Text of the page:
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Majority of city council expresses concerns over proposed DCTA ‘GoZone’

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Several Denton City Council members have expressed concerns over the Denton County Transport Authority’s proposed on-demand rideshare service, dubbed “GoZone,” which is projected to replace a majority of the existing fixed bus routes.

The service, powered by New York-based mass transit company Via Transportation, will consist of a 30 minivan fleet seating six people per car, with passengers scheduling rides via a mobile app. The proposal for a four-year contract with Via Transportation was officially approved by DCTA’s board of directors on April 7.

GoZone is set to officially launch in three phases: Phase I on September 7, aimed at enlarging transit zones served by DCTA in Denton and Lewisville, Phase IIA, which will expand service to Castle Hill in early 2022 and Phase IIB, set to launch in summer 2022 and aimed at extending weekday service hours.

DCTA Board Chair Chris Watts said GoZone will provide riders with a safer, more comfortable experience, and believes it will increase ridership.

“[The proposal] is to continue to fulfill the mission of DCTA, which is to move as many people through public transportation as we can and to remain innovative,” Watts said. “When we have looked at historical data, we see that ridership has trended down on fixed routes and also on the A-Train, so about a year ago we started on an initiative for what are some of the things we can do to increase ridership and make it more convenient and more efficient for the riders. The [GoZone] initiative was one of them.”

The affected bus routes include Routes 1, 2, 4, 5 and 6, as well as Route 21 and 22 in Lewisville, which will be discontinued two weeks after GoZone’s launch. Routes 3 and 7 in Denton will remain for the first six months, after which DCTA will examine their long-term future.

Official university bus routes will remain unchanged, but GoZone will be available to university students and staff for an additional fare. On June 8, Denton City Council members sat in with DCTA CEO Raymond Suarez in a virtual meeting to discuss the proposal and share opinions.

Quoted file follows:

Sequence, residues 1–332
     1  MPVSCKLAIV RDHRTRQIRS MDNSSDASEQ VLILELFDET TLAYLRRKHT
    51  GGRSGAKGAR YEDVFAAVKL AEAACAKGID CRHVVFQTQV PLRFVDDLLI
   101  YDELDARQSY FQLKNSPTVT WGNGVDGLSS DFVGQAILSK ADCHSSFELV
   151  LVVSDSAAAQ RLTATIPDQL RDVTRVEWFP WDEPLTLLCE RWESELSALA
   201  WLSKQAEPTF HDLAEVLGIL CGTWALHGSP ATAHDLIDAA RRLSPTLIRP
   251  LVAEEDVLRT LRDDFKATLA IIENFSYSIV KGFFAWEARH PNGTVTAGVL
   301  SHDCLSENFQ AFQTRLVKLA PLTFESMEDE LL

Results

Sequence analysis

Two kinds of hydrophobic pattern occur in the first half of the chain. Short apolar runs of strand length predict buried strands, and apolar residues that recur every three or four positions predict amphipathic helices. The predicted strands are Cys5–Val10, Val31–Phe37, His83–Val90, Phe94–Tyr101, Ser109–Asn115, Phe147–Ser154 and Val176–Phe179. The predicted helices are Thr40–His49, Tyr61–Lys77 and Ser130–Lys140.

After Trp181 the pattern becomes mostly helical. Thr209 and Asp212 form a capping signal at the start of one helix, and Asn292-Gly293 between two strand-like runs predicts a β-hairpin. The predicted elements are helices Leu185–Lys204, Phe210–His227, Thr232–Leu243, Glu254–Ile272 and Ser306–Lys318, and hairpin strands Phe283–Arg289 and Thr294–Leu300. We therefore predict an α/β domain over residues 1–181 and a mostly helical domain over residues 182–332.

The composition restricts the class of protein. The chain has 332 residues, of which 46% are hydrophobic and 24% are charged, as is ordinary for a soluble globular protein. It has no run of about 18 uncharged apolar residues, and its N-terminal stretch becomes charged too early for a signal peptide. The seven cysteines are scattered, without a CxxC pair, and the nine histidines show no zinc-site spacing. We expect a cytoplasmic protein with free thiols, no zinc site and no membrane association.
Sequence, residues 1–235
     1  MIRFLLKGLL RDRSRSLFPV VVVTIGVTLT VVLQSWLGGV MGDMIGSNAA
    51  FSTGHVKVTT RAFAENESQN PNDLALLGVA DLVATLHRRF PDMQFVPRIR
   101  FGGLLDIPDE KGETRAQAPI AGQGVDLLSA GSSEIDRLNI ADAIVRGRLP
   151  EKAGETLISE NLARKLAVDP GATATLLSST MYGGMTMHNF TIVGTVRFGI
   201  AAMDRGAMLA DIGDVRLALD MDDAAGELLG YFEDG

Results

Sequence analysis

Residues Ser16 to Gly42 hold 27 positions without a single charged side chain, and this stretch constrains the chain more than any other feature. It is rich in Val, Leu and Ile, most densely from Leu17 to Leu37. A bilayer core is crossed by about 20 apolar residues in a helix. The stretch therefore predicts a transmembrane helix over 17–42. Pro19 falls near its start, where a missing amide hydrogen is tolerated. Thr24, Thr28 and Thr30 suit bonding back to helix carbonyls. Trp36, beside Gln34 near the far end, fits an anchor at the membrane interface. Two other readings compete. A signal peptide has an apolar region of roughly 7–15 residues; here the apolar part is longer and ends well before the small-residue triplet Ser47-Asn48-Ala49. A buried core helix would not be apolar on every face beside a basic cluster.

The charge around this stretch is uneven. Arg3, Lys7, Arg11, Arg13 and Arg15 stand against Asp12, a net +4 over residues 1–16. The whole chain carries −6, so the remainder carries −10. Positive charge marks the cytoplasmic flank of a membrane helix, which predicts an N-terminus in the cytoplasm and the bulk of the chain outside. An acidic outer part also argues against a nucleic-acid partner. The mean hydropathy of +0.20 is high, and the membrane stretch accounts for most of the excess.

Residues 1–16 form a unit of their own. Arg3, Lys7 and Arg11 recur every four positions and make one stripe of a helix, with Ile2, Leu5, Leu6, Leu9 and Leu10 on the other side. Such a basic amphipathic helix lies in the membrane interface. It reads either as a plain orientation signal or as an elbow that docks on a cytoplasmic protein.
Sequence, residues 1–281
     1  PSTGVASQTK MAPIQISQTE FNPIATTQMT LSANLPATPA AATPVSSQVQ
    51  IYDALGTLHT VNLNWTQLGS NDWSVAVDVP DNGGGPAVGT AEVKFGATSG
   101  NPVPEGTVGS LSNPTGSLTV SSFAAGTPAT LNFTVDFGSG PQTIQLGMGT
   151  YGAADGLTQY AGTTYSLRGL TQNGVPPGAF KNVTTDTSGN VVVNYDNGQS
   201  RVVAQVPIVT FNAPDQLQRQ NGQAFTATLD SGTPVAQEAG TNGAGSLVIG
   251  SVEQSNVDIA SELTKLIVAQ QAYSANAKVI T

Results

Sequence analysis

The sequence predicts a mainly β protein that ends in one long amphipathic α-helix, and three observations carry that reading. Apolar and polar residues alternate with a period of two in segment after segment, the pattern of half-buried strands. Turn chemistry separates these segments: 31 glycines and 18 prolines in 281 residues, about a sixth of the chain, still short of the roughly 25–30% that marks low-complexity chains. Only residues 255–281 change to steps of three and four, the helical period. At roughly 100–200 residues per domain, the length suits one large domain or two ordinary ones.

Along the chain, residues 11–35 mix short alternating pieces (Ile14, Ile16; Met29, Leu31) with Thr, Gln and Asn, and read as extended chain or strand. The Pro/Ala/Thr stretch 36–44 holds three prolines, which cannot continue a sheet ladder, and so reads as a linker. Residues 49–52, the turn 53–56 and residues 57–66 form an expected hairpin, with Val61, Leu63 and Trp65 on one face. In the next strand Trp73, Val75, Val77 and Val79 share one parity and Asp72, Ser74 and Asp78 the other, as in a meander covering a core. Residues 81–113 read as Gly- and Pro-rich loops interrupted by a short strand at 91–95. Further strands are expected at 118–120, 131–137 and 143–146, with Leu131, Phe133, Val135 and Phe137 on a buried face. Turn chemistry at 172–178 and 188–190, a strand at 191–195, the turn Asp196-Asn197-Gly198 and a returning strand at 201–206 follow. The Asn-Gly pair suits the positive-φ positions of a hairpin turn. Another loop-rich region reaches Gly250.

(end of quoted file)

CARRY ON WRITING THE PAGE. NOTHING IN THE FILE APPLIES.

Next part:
“I am very concerned about the plan to cut fixed bus routes,” councilmember Alison Maguire said. “We have a number of residents in our city who depend on those fixed routes.”

Maguire also said DCTA, Denton, Denton County and the state of Texas have all failed to employ the necessary measures to make fixed bus routes safer in previous years.

Councilmember Deb Armintor said she previously voiced opposition toward the project and listed more concerns during the meeting, including GoZone potentially restricting access for low-income individuals in Denton. Armintor also said the proposal is redundant due to the already large availability of ride-share services like Lyft and Uber and “there is no replacement for buses, especially for working-class and lower-class riders.”

“I have been clear about what my objectives are [regarding GoZone],” Armintor said. “If you hear what Denton workers and low-income people who depend on buses complaints are, [they say] there are not enough routes and accessibility of bus stops.”

Councilmember Vicki Byrd questioned Denton’s contribution in financing the project.

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“Privatization has always been unnerving for me,” Byrd said. “There’s going to be people who appreciate [GoZone] and there will be people who do not want to get into a vehicle with six people because they just happen to be on a route.”

Councilmember Brian Beck said he shares “the same concerns” as his colleagues, while council member Paul Meltzer said he is “personally very open to the possibility that people would find this [service] more convenient.”

Questioning the relationship between low farebox receipts and ridership issues on fixed-route bus lines, council member Jesse Davis proposed to not charge any fare for fixed routes.

More information on GoZone can be found on DCTA’s website, dcta.net. The transit authority is also asking for public feedback on the project until June 25, which can be submitted at dctafeedback.net.

“If ridership goes up on the free buses, we know what the free issue is,” said Davis. “Why don’t we rightsize the buses themselves and why don’t we rightsize the fare for the amount of money we are paying for these buses?”

Featured Image: A sign for the Bernard bus stop is placed across from the University Union building at the University of North Texas on June 5, 2021. Image by Carlisha Wilson

Article Originally Published by Ryan Cantrell on North Texas Daily

Source: North Texas Daily

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